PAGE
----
This is the second or third time I’ve started today’s post. Hopefully this one will take…. I have snippets of ideas for today, but nothing that seems willing to cohere into a full post. So it looks like you’re going to get snippets.
Snippet 1: I started today by writing about ritual. My girls both start school tomorrow, and I’ve been reflecting on all the back-to-school, end-of-summer rituals that we go through in our household, from shopping for school supplies to taking a First-Day-of School picture of the girls the morning of that first Monday. We have photos going back years, marking their growth, their different hair styles, their favorite clothing at any particular age.
And I thought it would be fun to write about my work rituals, the things I do every day to stay productive and positive in my work. Turns out though that they’re more like routines than rituals and they’re really not very interesting. In fact, they’re about as mundane as you can imagine. And in a way there is some value in pointing that out. This is not glamorous work. I sit and I write. I do a bit of research, I read other books, I check my email and comment here at MW. But there’s not nearly enough there to make a post.
That said, though, I should mention one crucial daily ritual. At the end of the day, just before I get up from computer and start being Dad and Husband again, I back up the day’s work. I put it on a flash drive and on an external hard drive. Every day. You should do that, too.
Snippet 2: It’s common these days for professional writers to speak ill of Google, and particularly of their book project — their effort to digitize every book in existence. Google has done this with some books that are still in print and still covered by copyright protections, and the resulting lawsuit and Google Book Settlement have been in litigation for ages now. I see great danger to writers in what Google wishes to do, and I think it is going to force all of us into a lengthy and painful re-examination of the very meaning of copyright and intellectual property.
That said, Google’s digitization of old and out of print books — volumes that are no longer covered by copyright protections — is an invaluable tool for writers doing research on the web. The other day, as I was searching for information about pre-Revolutionary Boston, I stumbled across something utterly priceless. I had been trying to find any information I could about a gentleman named Stephen Greenleaf, who was the Sheriff of Suffolk County in the Commonwealth of Massachusetts in the 1760s. And I had found nothing beyond descriptions of specific things he did in enforcing royal decrees. Nothing about his personal life, or his personality. Nothing about what he looked like, which would have been enormously helpful.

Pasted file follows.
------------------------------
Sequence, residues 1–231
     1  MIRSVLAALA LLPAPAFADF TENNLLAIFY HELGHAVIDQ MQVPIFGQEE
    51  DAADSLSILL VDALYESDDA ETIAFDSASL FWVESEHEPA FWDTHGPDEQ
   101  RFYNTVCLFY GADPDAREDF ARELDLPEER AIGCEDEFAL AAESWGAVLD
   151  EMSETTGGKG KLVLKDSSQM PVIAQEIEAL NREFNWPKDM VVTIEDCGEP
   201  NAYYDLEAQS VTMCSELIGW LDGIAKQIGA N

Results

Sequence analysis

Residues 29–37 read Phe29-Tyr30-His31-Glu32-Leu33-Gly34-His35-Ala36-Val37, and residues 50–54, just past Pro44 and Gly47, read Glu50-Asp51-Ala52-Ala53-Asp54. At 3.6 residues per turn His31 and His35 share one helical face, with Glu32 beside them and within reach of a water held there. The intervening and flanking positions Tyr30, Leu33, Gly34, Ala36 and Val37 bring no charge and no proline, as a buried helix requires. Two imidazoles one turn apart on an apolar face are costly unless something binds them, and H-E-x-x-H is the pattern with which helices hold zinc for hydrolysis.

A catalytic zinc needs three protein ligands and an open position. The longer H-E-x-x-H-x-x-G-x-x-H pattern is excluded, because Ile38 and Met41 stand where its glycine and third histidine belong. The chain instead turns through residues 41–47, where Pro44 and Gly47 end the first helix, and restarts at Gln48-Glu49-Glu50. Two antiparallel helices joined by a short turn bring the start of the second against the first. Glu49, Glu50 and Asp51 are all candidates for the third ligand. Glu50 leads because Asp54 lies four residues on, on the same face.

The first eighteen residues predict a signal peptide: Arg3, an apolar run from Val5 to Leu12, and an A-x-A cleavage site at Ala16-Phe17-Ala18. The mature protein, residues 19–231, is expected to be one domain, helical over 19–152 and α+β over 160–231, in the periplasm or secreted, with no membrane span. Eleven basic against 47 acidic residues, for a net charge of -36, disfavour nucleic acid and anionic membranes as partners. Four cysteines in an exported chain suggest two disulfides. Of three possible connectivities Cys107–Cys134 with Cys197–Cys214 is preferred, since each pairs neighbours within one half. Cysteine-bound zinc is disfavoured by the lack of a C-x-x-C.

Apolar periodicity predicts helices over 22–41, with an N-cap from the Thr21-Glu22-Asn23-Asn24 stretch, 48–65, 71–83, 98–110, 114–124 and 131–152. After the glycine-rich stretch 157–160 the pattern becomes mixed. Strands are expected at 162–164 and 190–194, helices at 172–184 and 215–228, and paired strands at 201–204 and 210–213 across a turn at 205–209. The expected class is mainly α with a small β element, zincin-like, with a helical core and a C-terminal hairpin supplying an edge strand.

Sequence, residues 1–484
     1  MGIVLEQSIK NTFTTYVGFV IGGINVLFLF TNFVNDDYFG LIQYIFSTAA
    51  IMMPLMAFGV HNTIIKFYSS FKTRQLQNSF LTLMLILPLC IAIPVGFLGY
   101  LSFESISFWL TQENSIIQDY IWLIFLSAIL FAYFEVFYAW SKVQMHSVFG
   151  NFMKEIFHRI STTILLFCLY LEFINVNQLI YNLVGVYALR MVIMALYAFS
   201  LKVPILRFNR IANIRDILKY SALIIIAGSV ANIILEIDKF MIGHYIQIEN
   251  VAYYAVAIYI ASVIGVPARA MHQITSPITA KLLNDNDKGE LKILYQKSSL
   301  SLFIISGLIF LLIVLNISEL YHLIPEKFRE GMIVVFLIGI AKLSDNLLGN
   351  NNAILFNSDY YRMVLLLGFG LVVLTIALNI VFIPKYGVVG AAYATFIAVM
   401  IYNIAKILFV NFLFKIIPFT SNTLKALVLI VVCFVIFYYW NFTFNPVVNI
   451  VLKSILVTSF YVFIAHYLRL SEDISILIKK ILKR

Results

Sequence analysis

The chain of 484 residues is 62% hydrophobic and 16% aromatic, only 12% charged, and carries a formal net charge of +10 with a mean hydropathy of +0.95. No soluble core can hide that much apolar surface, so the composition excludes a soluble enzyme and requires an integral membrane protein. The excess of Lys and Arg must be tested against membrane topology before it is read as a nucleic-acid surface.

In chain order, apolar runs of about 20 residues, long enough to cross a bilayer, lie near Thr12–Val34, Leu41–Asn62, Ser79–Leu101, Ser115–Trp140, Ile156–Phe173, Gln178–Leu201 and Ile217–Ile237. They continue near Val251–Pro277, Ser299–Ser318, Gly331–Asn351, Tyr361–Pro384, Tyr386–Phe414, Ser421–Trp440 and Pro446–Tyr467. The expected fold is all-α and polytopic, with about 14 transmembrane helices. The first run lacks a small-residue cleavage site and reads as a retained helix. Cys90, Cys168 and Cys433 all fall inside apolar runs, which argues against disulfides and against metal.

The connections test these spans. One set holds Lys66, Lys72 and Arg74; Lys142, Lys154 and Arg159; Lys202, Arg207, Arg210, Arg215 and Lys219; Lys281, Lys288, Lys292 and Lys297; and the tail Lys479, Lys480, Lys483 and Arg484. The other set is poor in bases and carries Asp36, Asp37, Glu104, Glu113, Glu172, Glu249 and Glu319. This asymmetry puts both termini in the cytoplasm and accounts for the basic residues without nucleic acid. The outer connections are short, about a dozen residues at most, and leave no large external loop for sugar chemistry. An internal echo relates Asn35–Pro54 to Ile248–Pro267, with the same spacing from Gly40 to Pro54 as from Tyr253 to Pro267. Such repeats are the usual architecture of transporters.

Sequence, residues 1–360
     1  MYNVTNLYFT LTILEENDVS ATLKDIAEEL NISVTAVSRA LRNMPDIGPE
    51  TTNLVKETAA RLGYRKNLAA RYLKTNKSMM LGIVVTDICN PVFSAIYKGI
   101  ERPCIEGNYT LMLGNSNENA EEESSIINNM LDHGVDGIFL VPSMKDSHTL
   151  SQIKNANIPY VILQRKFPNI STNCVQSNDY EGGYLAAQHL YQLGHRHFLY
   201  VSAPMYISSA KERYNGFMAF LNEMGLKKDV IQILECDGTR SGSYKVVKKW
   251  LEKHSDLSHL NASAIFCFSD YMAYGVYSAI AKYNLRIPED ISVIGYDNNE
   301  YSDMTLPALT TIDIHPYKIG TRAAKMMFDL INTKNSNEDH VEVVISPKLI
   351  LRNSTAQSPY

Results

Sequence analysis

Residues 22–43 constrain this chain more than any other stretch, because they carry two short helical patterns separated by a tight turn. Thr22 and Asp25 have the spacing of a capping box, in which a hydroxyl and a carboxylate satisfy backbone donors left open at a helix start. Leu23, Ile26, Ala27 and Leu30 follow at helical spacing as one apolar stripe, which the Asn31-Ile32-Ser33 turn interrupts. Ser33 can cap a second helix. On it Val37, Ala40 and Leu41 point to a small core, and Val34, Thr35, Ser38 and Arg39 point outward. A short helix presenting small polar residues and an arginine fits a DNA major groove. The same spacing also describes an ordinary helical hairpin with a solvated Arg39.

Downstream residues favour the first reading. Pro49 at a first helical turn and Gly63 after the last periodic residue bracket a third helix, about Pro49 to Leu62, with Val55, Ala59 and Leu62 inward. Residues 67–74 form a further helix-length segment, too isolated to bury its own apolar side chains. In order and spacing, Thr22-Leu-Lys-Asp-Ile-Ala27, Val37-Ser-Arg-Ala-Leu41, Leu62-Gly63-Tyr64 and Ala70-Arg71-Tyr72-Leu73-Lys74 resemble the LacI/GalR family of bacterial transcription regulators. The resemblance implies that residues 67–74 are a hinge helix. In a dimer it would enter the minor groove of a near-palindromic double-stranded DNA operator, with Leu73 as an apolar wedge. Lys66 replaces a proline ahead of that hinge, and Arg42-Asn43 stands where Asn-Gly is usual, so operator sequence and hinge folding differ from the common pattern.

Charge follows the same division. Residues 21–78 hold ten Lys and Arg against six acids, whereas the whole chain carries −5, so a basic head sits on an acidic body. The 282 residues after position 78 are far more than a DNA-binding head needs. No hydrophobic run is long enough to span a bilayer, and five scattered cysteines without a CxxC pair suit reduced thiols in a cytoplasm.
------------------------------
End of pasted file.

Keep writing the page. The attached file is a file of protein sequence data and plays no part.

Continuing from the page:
Until…. A cryptic Google search reference led me to a book published in 1915 that mentioned Greenleaf. I clicked on the link and found the table of contents and then a list of illustrations. Including an illustration of Sheriff Greenleaf. I clicked on the appropriate page, and it took me to the drawing. Suddenly there he was, staring out of the page at me. Without Google, I never would have found this.
Snippet 3: The Google thing is just one example of ways in which we live in a wondrous age. Yes, I know: our world is filled with problems. The technology that surrounds us every day often seems more like a curse than a boon. But a few days ago, while reading a history book about Boston, I stumbled across some information of great importance to my Thieftaker books. Really big stuff that would mean extensive rewrites on book one and a serious rethinking of book two. I had many questions, and didn’t know who could answer them. I live in a small university town and there is no one here with the level of expertise I needed.
But I knew the name of the author of the book in question, and I knew that he was an emeritus professor at a college in California. It took me about three minutes to find his email address. I sent him a lengthy email apologizing for disturbing him and asking him my questions. I figured that maybe I’d hear back from him in a couple of weeks.
His email arrived the following morning. It was gracious and unbelievably informative, and it included an invitation to write back with any other questions I might have. And in a PS he mentioned that he had mentioned my email to his son, who reads SF and fantasy. His son, it turns out, is a fan of my work. It is, indeed, a small world after all.
That’s about all I have to offer today. As I said: snippets. But these are the things I’m thinking about. I’m working, and starting to enjoy that again. I’m watching my girls grow up and am blown away by how quickly times slip by. I’m fascinated by this wondrous and great and terrible world in which we live, and by the changes I’ve witnessed in my 47 years. Those are the things on my mind right now.
What’s on your mind? What are you thinking about this Monday morning? Care to share a snippet or two?David B. Coe http://davidbcoe.livejournal.com http://www.DavidBCoe.com http://magicalwords.net